Yesterday La Flamme Rouge posted what it believes are the full list of stages for the 2018 Giro d’Italia. The official presentation takes place next month, and I’m sure there are lots of loose ends to deal with, including apparently the City of Rome not having made up its mind yet about hosting the final stage. Never change, Italy.
Anyway, here’s the list. I screen-capped it below but recommend stopping by their site for more details.
Obvious highlights are the MTFs, and we can see at least Etna, Monte Zoncolan, Cervinia, and Monte Jafferau, which Will can tell you all about. From the France side it’s got a lot of dirt and gravel, but I’ll not be shocked if the Italy side is tarmac and/or the race stops well below the 2800 meter summit.
But those stages aren’t very knowable without some info about the climbs before the finish, so whether this is an insane climb-fest or just a moderately, uh, insane climb-fest won’t be certain for another few weeks. But there are some things to say about it now.
A full 60km of time trialling over three stages may make it enticing to the reigning champion Tom Dumoulin, who is undoubtedly disappointed by the Tour de France route. That’s on the high side for a Giro, though not nearly historic. It’s actually 8km short of this year’s Giro, but three ITT stages is a different animal than two.
The shape of the race is unique, to say the least. After three days in Israel, it’s on to Sicily for three more before arriving on the boot. Never in the race’s history has it taken so long to get to the Italian mainland, though Sicily isn’t far removed in any sense. Still, for planning purposes, covering the Boot from stages 7 thru 21 is serious business, and the Giro makes an unprecedented beeline northward, as opposed to its usual meandering ways.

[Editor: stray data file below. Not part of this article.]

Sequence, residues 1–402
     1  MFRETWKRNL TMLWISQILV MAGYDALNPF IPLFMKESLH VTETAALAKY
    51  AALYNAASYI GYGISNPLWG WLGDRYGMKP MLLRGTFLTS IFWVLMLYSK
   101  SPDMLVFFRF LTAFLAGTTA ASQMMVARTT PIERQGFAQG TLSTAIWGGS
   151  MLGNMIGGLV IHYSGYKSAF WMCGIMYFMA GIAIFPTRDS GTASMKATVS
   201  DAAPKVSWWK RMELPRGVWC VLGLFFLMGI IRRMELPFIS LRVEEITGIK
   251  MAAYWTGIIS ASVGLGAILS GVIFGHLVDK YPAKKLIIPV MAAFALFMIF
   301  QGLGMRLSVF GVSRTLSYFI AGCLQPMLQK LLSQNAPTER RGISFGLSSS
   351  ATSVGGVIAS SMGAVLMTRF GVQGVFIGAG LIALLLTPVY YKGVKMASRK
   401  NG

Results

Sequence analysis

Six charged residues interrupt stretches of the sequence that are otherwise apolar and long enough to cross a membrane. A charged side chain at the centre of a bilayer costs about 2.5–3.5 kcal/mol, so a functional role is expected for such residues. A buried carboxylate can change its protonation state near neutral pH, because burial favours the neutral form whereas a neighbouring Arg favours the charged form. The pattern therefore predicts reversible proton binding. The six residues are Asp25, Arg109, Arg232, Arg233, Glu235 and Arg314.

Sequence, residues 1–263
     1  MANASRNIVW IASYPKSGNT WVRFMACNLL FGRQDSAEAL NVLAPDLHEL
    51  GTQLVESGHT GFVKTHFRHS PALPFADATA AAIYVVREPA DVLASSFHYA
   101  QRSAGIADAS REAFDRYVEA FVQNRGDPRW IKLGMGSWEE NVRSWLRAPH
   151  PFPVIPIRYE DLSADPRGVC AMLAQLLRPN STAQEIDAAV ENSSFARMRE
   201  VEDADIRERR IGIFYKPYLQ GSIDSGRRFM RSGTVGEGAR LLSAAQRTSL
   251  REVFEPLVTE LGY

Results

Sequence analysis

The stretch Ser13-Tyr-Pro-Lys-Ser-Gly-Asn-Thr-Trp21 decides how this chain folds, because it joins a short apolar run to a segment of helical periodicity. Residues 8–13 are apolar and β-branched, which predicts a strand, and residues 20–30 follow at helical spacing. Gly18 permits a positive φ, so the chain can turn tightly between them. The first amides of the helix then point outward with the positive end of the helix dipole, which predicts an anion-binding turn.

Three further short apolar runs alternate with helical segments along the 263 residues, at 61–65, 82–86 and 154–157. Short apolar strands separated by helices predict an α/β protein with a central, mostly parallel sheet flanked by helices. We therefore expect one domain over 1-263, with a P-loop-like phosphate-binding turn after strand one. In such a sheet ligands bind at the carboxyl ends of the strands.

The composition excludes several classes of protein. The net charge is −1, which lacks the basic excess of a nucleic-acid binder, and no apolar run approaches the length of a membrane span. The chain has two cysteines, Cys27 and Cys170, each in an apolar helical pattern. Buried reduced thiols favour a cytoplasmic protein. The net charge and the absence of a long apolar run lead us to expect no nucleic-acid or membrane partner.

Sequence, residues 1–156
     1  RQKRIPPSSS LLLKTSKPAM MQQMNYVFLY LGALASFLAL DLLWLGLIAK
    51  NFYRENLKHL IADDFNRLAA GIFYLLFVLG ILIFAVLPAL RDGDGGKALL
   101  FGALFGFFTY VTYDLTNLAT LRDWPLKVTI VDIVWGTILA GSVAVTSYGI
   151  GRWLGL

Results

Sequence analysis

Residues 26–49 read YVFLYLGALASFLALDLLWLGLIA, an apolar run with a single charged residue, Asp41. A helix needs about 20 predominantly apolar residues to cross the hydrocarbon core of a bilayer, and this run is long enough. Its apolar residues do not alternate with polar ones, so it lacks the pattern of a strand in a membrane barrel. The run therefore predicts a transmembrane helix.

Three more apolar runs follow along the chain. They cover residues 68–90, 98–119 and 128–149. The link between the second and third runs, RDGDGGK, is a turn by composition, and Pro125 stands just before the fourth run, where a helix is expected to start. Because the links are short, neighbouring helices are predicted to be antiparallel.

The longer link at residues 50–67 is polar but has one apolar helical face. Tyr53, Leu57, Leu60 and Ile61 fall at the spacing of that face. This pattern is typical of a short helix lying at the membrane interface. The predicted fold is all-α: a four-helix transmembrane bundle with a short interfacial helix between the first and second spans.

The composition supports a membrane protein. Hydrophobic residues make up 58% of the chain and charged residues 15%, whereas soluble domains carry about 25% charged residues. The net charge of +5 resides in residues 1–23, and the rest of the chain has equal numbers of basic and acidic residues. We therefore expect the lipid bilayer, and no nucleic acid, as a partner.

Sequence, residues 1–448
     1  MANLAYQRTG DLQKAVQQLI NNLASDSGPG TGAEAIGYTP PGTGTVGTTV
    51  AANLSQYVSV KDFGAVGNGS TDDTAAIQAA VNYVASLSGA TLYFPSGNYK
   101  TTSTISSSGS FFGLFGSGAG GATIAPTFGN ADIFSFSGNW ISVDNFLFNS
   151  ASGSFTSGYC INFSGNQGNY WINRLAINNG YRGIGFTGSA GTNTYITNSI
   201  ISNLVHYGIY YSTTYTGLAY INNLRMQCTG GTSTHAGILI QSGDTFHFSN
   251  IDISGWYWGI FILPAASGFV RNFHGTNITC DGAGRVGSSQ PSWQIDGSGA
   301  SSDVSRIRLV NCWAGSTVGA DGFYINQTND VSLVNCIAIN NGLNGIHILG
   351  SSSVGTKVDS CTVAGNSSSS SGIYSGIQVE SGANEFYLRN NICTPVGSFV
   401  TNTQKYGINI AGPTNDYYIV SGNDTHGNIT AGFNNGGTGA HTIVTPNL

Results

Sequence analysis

Again, courtesy of La Flamme Rouge. My favorite of the transitional stages will be the Apennine route from Pesco Sannita to Campo Imperatore.
Campo Imperatore is Italy’s version of the Rocky Mountain interior, with broad hihg-altitude plains surrounded by distant jagged peaks. Apparently it’s sometimes called “Little Tibet,” which isn’t a total misnomer except for maybe another 3000 vertical meters. The area is on an historic sheep-herding/migration route which bypassed Napoli and the coast because there were too many bandits. Anyway, that could be truly spectacular, and probably a bit snowy on the margins. It’s rated a mid-mountain event but will involve plenty of climbing.
From the fan’s perspective, this will be a never-a-dull-moment tour of the country, and the Holy Land. The Giro sure knows how to put on a show...